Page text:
Illinois Trials Are Ready for Their Close-Ups

     SPRINGFIELD, Ill. (CN) - Reporters can use cameras in Illinois courtrooms on a circuit-by-circuit basis under a new program starting immediately, the state Supreme Court announced Tuesday.
     The experimental program allows the chief judge of each circuit to apply to the Illinois Supreme Court for permission to allow cameras in their courtrooms.
     Once approved, media personnel may then request to electronically cover eligible cases in that particular circuit. They must make their requests at least 14 days before the date of a scheduled proceeding.
     Media pooling is encouraged, with a limit of two video cameras and two still photographers per hearing. In cases of sexual abuse, or when sexual abuse is central to the prosecution, the testifying victim must consent to extended media coverage.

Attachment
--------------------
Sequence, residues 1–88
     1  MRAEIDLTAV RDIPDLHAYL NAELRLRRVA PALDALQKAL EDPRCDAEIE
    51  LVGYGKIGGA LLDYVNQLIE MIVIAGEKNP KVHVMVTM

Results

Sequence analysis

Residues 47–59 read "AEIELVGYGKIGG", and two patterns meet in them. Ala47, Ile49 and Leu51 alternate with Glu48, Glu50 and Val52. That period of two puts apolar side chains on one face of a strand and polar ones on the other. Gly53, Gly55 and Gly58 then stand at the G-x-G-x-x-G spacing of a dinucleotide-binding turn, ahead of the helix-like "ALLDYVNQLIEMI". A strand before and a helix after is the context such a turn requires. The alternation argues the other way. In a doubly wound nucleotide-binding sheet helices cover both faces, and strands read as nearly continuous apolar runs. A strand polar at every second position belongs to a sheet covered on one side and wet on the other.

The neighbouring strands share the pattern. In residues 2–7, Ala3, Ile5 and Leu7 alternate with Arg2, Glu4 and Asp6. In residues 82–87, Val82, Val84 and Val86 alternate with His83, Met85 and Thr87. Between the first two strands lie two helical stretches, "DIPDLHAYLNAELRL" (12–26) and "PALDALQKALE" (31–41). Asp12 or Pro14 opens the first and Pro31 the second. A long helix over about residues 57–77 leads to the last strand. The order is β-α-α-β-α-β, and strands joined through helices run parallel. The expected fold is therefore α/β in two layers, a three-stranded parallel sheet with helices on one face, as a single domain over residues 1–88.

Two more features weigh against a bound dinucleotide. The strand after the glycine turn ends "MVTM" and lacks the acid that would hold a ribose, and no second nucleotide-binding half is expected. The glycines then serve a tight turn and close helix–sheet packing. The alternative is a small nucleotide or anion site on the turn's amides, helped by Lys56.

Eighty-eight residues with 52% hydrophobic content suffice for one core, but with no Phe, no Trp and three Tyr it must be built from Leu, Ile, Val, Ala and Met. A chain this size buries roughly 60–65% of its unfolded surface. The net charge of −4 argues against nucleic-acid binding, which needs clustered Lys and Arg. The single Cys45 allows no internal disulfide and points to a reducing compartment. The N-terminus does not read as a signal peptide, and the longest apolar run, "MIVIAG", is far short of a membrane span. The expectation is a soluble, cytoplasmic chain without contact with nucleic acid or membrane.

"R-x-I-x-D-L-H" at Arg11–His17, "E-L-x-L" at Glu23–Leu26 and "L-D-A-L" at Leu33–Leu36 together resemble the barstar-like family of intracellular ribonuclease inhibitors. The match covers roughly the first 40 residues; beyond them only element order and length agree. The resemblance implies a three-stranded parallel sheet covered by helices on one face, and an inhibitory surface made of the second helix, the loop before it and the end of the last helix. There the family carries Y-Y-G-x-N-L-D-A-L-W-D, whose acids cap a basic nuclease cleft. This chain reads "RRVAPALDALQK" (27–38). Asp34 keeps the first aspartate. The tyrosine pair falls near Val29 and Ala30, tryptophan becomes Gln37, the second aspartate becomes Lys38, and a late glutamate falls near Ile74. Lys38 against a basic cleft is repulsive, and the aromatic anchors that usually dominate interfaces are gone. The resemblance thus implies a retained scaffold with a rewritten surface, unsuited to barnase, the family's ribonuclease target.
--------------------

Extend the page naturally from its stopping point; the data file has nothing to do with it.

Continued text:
"This is another step to bring more transparency and more accountability to the Illinois court system," Chief Justice Thomas Kilbride said in a statement. "The provisions of this new policy keep discretion in the chief circuit judge and the trial judge to assure that a fair and impartial trial is not compromised, yet affords a closer look at the workings of our court system to the public through the eyes of the electronic news media and news photographers."
     Court spokesman Joe Tybor told the St. Louis Post-Dispatch that the new rules for cameras will be on a limited and experimental basis to determine whether media and fair trials can co-exist.
     Illinois has allowed cameras in Supreme Court and Appellate Court hearings since 1983, but it continued the ban during trials because of fairness concerns.
     Without the program, Illinois is one of 14 states that bar cameras inside circuit courtrooms.